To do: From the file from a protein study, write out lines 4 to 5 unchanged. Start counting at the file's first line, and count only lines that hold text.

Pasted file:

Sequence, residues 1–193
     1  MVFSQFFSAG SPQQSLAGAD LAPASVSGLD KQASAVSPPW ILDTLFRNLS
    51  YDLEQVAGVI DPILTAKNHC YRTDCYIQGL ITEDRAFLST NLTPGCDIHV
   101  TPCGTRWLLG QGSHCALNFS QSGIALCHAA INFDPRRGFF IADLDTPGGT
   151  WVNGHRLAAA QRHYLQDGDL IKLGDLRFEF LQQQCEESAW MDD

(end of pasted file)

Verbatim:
   101  TPCGTRWLLG QGSHCALNFS QSGIALCHAA INFDPRRGFF IADLDTPGGT
   151  WVNGHRLAAA QRHYLQDGDL IKLGDLRFEF LQQQCEESAW MDD